All these cities in the United States that aren’t adopting this program to care for their people. I know this is going to happen. We sent some law enforcement to crisis intervention training but now they’re doing it. They’re doing it citywide. I’ve been able to ride with the sheriff’s department. It’s beautiful. Now we’re giving it to 911 dispatchers because they’re dealing with crisis, mental illness and stuff. It’s brought me back to life.

Comforting Others

From the ashes, the Phoenix rises and there are so many clichés, I guess, around all that or colloquialisms or whatever you want to call them. It’s the truth. When you get the fire lit, there’s no stopping it. You’ve got that intensity. What I was thinking, too, is that nobody knows what to say. That’s the reason we don’t go reach out to people. Nobody knows what to say to someone who’s gone through tragedy and the controversy around it sometimes or whatever. I will offer this and you can see if this is sits well with you. What you said is go sit with them. You don’t have to say anything. Put your hand on their shoulder or their leg and maybe a hug. Just sit and be there and say, “I’m here. I love you.”

You don’t even have to. It was so bad. I still have the light on a lot of times because they came in the middle of the night and woke me up. It was three blocks from our house. I remember that. It was like my ears were ringing. It’s totally changed. Sometimes, talking is not so beneficial. I would highly recommend that. Don’t worry about how you feel. Start thinking about how they feel. After this happened, I wanted to tell the story. I tell everybody my story on airplanes. You don’t know your game changer but I would go over and over the details because I knew I was right and I wanted people to believe me and to the point I was mentally ill.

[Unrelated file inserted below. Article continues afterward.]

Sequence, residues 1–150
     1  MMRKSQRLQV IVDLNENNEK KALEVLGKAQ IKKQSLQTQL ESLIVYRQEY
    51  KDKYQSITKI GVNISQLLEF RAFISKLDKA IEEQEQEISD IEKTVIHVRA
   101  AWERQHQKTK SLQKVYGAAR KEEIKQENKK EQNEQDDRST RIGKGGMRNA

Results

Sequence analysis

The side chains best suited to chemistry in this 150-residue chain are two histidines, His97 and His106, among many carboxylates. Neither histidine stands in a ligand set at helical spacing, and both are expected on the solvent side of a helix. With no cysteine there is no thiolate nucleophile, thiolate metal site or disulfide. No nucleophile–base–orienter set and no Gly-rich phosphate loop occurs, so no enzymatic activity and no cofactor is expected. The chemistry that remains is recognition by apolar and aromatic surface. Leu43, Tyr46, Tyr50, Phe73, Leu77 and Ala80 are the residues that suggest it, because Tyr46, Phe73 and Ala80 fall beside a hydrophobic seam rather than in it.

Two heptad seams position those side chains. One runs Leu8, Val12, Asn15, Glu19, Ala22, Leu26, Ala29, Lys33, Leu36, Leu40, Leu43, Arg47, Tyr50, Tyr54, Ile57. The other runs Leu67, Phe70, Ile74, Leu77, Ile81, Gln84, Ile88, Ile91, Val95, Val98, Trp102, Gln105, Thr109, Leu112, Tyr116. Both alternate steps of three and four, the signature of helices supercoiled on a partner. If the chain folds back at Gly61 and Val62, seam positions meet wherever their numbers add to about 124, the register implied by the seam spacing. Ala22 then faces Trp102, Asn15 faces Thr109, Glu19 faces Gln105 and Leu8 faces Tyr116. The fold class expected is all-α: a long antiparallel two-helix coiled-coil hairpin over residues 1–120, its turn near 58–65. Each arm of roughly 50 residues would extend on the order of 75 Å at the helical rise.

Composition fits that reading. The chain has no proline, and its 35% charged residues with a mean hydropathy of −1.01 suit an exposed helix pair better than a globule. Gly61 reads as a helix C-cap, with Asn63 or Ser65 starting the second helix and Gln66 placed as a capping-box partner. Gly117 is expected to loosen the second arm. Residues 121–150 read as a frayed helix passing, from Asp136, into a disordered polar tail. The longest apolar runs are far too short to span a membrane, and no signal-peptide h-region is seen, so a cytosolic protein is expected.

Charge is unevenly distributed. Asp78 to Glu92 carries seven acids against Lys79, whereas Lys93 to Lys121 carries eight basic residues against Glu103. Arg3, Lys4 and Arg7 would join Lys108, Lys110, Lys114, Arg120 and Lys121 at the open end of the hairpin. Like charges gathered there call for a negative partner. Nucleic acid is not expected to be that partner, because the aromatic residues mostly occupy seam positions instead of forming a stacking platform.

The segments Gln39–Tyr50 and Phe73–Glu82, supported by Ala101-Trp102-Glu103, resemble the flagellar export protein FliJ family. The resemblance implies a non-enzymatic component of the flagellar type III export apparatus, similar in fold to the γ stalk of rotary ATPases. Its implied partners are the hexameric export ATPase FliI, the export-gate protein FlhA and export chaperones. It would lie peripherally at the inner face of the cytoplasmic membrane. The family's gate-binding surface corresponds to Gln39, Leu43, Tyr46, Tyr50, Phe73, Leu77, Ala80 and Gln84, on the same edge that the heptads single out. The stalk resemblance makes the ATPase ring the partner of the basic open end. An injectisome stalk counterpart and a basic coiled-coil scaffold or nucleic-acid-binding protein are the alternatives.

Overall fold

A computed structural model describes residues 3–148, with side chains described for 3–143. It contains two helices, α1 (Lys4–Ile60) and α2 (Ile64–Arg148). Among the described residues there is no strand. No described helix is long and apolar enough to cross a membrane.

They took me as long as they could and almost handed me to the next person. “You babysit her for a while.” I looked back and wouldn’t give anything to the people who sat with me. My first press conference, someone had come out of the city and broke the rules and helped me learn how to have a press conference. I didn’t know how to do that. I was clueless about what was going on, when it was going to change and what was happening to me. I was still working. It was COVID, so I was working at home. I learned things that will benefit me the rest of my life. How to have a press conference. I can call those now when I need to. That means I can help other people learn how to do that when they need it.

It’s always about passing it on. God allowed me. I saw a quote, it said, “Girl, I got you out of that dark well, so you could go back in and pull somebody else out.” That made me cry because there are people in the well right now. They may not have lost a child. They’ve lost a lover. They’ve lost their self-respect. They’ve lost a job and they feel alone. Alone is what will get us. I think it’s a ministry we can all do by looking around. I talked to you, Charla, and I didn’t know a sad thing that you’ve had to go through. Now that I do, I’ve had you on my mind and thought about you prayed for.

The Charla Anderson Show |Adina Peyton | Mental Illness
Mental Illness: God pulled you out of the dark whale so you could go back in and pull somebody else out.

 

Nobody gets through with nothing. No tragedy. On Valentine’s Day and over 40 years ago, I had a stillborn baby, my first child. I think that’s what you’re talking about. She’s my guardian angel. These days, I don’t have a lot of sadness, but it was a sad time. She was almost full term and we named her Sarah. I’ve got three great kids. They calling it Sarah’s Day. Happy Sarah’s Day instead of Valentine’s Day, but nobody gets out of here without some trauma or tragedy.

All of us are overcomers. We can wallow in our difficulties, our sadness and become a victim and stay victimized and be a complainer about things or we can do what you did. Step up, stand up, and make a difference in the next person’s lives. That’s tremendous. I’m so grateful you had the tenacity to do that and the strength of character you didn’t know you had.

 

The Charla Anderson Show |Adina Peyton | Mental Illness